Originally published in ‘zine issue #23, 2000
Udo Dirkschneider was formerly the singer for the important German metal band Accept. Udo’s been rocking ever since he formed Accept in 1971 (the proper Accept lineup came together in 1976 and soon released its first album), and also has been playing in his solo band, U.D.O., for which he put out his first record in 1987 after parting ways with Accept. U.D.O. has a new album, Holy, out on Nuclear Blast/Breaker Records.
D.U.: Am I correct in saying that for the first U.D.O. album, Animal House, Accept wrote all the songs?
Udo: Yeah, so when I did U.D.O. at the first time, all the songs what I did on Animal House was planned for the [Accept] album after Russian Roulette.
Yes, but then they decide to go more commercial and was looking for a new singer, and then they said, “Okay, we don’t use these songs anymore. If you wanna have them, you can have it for the first U.D.O. album.” So I said, “Okay, they’re very good songs.” I mean, it was also a very easy stuff for me to do the solo thing.
So after that they did Eat the Heat?
Yeah, then they did the Eat the Heat album.
I never actually knew why Accept got a new singer in the first place.
Yeah, so at this time in ‘86 they was listened to the wrong people, you know? And so when they was finished with the Eat the Heat album, they start an American tour, and after six weeks the whole band split up. And they was talking about this later on, and then they realized that they did a big mistake, you know? So what can I say. [laughs] [The rest is] history.
Then they came back to you.
Yeah, and then we was putting out the live album, Staying A Life, and this album was selling a lot, you know? And then we get tons of fan mails from all over the world and they start asking, “Please get back together,” and bla bla bla. And then we had a meeting in ‘92 and we said, “Okay, we try it again.” So then we did three albums with Accept, Objection Overruled, Death Row, and Predator. But I think in the end with Predator, hmm [pause] how can I say this, um—
It wasn’t quite the same anymore?
No, the atmosphere was wrong. It was nothing really a bad vibe, but music-wise there was the atmosphere, the chemical was not right anymore, you know? And I think that then we decide to do the last tour in ‘96 and then say, “Okay, Accept is definitely over.” So then I start U.D.O. again.
“What can I say, metal never dies.”
How long has it been that Stefan Kaufman [longtime Accept drummer] has been playing guitar instead of drums for U.D.O.?
There was the first U.D.O. album, [the Solid album, at] the end of ‘96 after the split-up with Accept; then he was doing the guitars. But Stefan, he was playing already the guitar before he started playing drums, you know? So he’s doing it for a long time, so I knew he was very good on guitar. And so, when I decide to do the reunion with U.D.O., I ask him, “So, you wanna join the band?” and he said, “Yes, of course, absolutely.” [laughs]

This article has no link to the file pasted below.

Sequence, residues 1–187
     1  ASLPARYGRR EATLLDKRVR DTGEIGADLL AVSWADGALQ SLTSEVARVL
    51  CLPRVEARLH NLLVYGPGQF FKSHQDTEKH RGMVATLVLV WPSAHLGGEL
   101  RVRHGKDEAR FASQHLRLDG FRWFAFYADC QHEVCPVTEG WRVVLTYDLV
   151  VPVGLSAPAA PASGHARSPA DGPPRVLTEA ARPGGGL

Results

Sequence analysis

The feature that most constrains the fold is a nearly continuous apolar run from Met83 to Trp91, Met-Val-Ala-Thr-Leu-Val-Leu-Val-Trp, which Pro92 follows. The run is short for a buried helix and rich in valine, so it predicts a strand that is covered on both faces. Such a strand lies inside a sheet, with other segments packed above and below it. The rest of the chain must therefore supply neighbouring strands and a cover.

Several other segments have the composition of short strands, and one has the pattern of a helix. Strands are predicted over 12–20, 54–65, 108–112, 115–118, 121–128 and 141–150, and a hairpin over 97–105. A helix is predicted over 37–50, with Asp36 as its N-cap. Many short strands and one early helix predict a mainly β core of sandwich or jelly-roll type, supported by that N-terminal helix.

You wanted him to play guitar instead of drums.
Yes, yes. But he cannot play the drums anymore. He has a big back problem. So that means now with a guitar he’s in the front of the stage, and that was a little bit difficult in the beginning for him. But now it works out very well, and he’s growing better and better.
I’ve been reading in the past about some health problems.
Yeah, some stupid guy was telling the journalist that I had a heart attack, but it was not true. I mean, I had a [pause] how you say this in English [pause] a body breakdown, something like that. So that was around 1990, I did the Faceless World album. I was overworked. I mean, I was composing for some bands over here in Germany, I was involved in different productions, then on my own production, I was my own management, I had some contract problems, a lot of things happened. I think it was a little bit too much. But then I did a rest for three months and then—
That was it.
That was it. I mean, I’m fine, so there’s no problems at all.
Did you guys all learn English in school?
Yes, we learned English at the school, and so of course if you are in this business and you work international, you have to talk English more than German. [laughs] So now let’s say, for example, in U.D.O. at the moment we have two guys that are coming from Switzerland, from Italian part, so they speak Italian, they don’t speak German, [laughs] but they speak perfect English, and also, we have two English roadies. That means in the nightliner, most of the time we talk English.
You hear about bands that learn how to speak English at the same time they’re in the band, and they’re trying to write lyrics in English.
After all these years I think my English is not perfect, but it works. [laughs] Sometimes you search for the right words or maybe you say something in the wrong way, but so far I never had any problems. [laughs]
Over the years you have to say it’s gotten a lot easier to compose lyrics, right?
So you know, I got so many ideas for lyrics in my head. If you switch the news on, on the TV, you got a lot of ideas, and a lot of things what happen around you, and when you on tour you see sometimes of things that you can make up some lyrics, but I write them down in English. But then finally we have somebody when from England, so he has a look over all the lyrics to make it in the right way. I think this is important. I don’t want to do anything stupid. [laughs]
That’s everything. Is there anything you want to say to your fans out there?
Yeah, this year we are coming to America. I have to come. [laughs] So also, I hope there are still a good crowd for metal music in America. And what can I say, metal never dies. ■
Photos: Accept; I scanned these from a metal magazine, possibly Metal Edge or Metal Maniacs, that I had in my collection from the 1980s and printed them in the ‘zine with this interview